As physicians, we use the Internet on a daily basis to obtain current health and medical information, and access journal articles and synthesis of evidence-based information. We regularly curate information: we process and appraise vast amounts of content; we select what is relevant and meaningful for our profession, based on our background, interests and knowledge gaps.
But why should this effort go unnoticed? Wouldn’t it be great to share what we personally find interesting, exciting and meaningful -whether it is an important piece of news, an updated scientific guidance or a hot debate? And wouldn’t be fantastic to browse the news that our trusted colleagues have selected for us?
Now, the Among Doctors network enables us to share news updates right from the front page. So let the crowd-sourcing of appraised information begin! In this blog, we will be picking the week’s top updates from those that fellow colleagues have shared on Among Doctors. Without further ado, here are the latest news:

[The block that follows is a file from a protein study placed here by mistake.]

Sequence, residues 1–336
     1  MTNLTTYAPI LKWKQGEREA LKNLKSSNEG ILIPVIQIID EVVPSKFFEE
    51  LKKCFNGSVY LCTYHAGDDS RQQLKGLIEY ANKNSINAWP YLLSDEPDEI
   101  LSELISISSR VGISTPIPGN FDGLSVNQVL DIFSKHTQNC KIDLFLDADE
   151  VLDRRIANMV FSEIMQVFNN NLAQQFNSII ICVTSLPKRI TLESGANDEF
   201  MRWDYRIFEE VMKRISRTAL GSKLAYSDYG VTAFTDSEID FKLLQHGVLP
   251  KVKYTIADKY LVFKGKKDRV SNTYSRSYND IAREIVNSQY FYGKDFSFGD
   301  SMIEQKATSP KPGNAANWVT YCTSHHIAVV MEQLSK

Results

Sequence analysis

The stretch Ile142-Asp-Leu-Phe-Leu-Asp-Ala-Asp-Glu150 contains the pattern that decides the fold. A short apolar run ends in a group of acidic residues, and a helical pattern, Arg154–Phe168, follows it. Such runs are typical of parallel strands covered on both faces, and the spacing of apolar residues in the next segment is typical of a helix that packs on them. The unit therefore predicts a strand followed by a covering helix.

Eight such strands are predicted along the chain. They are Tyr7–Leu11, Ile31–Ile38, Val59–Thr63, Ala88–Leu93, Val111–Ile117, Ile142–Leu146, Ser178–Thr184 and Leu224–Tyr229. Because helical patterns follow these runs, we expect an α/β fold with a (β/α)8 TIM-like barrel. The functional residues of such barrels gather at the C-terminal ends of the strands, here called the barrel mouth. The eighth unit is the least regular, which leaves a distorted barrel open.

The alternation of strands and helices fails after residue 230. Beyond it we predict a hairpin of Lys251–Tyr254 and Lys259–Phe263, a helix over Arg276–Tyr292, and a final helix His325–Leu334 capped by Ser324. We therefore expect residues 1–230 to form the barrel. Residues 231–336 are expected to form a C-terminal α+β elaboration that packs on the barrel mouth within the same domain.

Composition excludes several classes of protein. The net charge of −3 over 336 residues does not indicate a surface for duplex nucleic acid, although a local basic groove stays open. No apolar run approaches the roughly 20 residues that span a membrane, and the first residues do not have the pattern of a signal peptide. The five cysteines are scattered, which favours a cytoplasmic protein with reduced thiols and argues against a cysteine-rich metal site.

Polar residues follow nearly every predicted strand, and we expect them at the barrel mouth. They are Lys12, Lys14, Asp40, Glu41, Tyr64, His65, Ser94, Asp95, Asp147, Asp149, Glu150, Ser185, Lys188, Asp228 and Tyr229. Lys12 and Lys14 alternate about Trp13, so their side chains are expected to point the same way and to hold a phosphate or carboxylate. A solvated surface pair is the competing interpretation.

- Effects of Evening vs Morning Levothyroxine Intake: A Randomized Double-blind Crossover
Levothyroxine taken at bedtime significantly improved thyroid hormone levels. Quality-of-life variables and plasma lipid levels showed no significant changes with bedtime vs morning intake. Clinicians should consider prescribing levothyroxine intake at bedtime.
- Patients less satisfied by GPs who refuse antibiotics
As many as half of all antibiotics prescribed may be given out inappropriately by GPs in England. In this study, doctors who prescribed 25% fewer antibiotics saw a modest reduction in patient satisfaction with them or with their surgery.
- Improving Adherence to Therapy and Clinical Outcomes While Containing Costs: Opportunities From the Greater Use of Generic Medications
Most, but not all, studies evaluating the decision to use a generic rather than a brand-name drug for the treatment of chronic disease show significantly higher long-term adherence after treatment initiation.
- Brain connections predict how well you can pay attention
Spontaneous fluctuations in brain activity while individuals are simply resting can predict their ADHD symptoms.
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